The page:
Drug-Free Schools and Communities Act Amendment of 1989

As required by the Drug-Free Schools and Communities Act Amendments of 1989, university standards of student conduct prohibits the unlawful possession, use, or distribution of illicit drugs and alcohol by students on university property or as part of any university activity. Not withstanding other penalties provided by local, state and federal law which prohibit the above activity, under Title V, California Code of Regulations, 41301-41304, university disciplinary sanctions which may be imposed are expulsion, suspension, probation, or lesser sanctions. Studies on the effects of controlled substances have demonstrated that the use of such substances can lead to:

  • addiction
  • lung damage
  • heart damage
  • brain damage
  • unpredictable behavior
  • paranoia
  • other physical and mental disorders

The Counseling Center, located in the Student Health Center, can assist students in locating available drug or alcohol counseling, treatment, or rehabilitation or re-entry programs.

The Higher Education Act further provides that a student can regain eligibility, regardless of the number or type of convictions on the student's record, by successfully completing a drug rehabilitation program that complies with criteria established by the Secretary of Education and that includes two unannounced drug tests.Copies of the complete regulation and further information are available at the Office of Financial Aid and Scholarships in University Hall, Room 150.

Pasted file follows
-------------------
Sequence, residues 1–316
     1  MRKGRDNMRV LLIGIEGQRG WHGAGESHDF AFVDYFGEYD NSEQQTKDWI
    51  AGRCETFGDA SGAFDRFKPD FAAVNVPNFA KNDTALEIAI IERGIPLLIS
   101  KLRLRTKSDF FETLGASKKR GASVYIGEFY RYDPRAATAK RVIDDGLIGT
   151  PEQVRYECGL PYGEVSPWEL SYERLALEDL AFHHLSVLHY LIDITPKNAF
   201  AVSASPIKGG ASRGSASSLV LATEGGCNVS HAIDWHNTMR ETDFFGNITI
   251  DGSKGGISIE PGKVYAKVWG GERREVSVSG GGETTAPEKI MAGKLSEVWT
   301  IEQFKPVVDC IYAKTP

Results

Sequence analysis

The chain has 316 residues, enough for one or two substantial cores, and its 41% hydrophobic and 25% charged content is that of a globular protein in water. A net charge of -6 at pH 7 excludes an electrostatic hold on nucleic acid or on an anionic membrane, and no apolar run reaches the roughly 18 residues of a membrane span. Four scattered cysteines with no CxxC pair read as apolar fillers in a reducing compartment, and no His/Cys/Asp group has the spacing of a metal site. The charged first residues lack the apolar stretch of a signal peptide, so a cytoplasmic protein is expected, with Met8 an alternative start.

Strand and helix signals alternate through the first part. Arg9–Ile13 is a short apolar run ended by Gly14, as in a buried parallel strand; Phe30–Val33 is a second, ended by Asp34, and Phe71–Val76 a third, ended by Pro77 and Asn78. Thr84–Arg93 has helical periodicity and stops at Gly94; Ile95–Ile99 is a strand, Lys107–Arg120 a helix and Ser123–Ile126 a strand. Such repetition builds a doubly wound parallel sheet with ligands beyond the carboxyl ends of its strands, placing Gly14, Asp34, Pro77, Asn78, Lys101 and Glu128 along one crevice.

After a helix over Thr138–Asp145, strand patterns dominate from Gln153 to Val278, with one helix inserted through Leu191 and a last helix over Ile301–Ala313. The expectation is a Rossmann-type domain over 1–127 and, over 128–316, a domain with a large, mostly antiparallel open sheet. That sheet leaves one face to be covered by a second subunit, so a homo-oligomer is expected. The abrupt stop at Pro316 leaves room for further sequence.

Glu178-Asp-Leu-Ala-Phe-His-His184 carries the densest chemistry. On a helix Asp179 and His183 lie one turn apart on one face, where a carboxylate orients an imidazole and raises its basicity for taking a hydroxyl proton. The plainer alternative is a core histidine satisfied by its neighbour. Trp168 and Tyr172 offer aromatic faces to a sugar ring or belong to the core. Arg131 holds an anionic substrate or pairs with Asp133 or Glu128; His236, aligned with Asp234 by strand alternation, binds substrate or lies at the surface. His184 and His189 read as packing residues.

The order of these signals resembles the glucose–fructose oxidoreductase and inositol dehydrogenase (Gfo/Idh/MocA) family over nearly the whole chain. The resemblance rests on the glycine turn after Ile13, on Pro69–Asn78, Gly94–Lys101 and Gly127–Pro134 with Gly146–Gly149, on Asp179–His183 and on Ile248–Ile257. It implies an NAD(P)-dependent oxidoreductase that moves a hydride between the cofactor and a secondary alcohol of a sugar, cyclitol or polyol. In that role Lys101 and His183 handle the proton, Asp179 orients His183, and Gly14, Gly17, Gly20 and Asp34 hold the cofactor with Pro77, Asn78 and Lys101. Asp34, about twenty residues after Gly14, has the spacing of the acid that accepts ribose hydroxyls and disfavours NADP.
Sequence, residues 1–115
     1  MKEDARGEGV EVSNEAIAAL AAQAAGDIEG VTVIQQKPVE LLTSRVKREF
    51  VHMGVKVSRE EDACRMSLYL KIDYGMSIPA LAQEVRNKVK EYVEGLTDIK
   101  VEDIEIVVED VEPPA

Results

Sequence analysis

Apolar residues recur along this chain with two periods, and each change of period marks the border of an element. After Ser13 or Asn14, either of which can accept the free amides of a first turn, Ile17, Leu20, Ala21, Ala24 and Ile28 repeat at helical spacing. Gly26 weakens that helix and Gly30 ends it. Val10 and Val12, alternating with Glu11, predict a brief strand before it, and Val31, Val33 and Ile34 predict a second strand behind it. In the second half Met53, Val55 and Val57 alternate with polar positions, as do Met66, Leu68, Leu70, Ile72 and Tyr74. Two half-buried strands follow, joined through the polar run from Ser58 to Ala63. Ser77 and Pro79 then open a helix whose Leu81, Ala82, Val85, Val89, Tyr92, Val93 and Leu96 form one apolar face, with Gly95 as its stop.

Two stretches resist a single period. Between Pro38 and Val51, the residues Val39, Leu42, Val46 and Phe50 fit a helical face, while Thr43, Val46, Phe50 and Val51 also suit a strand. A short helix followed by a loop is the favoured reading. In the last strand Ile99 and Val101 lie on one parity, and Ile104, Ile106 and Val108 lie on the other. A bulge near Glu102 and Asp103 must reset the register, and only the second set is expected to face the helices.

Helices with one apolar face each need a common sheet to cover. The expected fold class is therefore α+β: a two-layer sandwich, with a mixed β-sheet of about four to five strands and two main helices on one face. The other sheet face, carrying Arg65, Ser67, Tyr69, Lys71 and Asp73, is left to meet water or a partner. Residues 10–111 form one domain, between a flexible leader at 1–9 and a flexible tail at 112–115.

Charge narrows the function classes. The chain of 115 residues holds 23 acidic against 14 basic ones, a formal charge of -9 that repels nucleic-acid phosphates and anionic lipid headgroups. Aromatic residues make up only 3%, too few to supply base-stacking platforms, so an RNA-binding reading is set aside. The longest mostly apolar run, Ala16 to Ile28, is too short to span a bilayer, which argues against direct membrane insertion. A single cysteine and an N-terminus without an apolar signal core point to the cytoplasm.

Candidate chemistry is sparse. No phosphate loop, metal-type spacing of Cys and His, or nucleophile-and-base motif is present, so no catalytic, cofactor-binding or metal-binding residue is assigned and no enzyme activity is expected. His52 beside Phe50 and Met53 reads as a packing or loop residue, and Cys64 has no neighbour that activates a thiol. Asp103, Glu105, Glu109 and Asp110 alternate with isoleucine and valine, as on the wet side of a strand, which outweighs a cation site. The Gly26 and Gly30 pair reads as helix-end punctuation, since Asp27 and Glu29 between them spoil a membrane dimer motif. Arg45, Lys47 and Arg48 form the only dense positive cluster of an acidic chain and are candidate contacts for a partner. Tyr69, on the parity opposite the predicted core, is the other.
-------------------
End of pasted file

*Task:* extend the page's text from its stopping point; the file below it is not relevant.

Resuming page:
Federal Financial Aid Regulations Pertaining To Students Who Have Been Convicted Of Possession Of A Controlled Substance, Or Who Have Been Convicted OF The Sale Of A Controlled Substance.

Effective July 1, 2000 the Secretary of Education proposes to add Sec. 668.40 (a) and (b) to implement statutory provisions to deny financial aid to students convicted of sale or possession of a controlled substance.The Periods of ineligibility, which begin as of the date of conviction, are:

  • If convicted for the first time of an offense involving the possession of a controlled substance, the ineligibility period is one year.
  • If convicted for the second time of an offense involving the possession of a controlled substance, the ineligibility period is for two years.
  • If convicted for the third time of an offense involving the possession of a controlled substance, the ineligibility period is for one year.
  • If convicted for the first time of an offense involving the sale of a controlled substance, the ineligibility period is for one year.
  • If convicted for the second time of an offense involving the sale of a controlled substance, the ineligibility period is indefinite.

Note that for purposes of determining a student's eligibility for Title IV assistance, a conviction means a conviction that is on a student's record at the time the student's eligibility for financial aid is being determined. Therefore, a conviction that was reversed, set aside, or removed from the student's record is not relevant.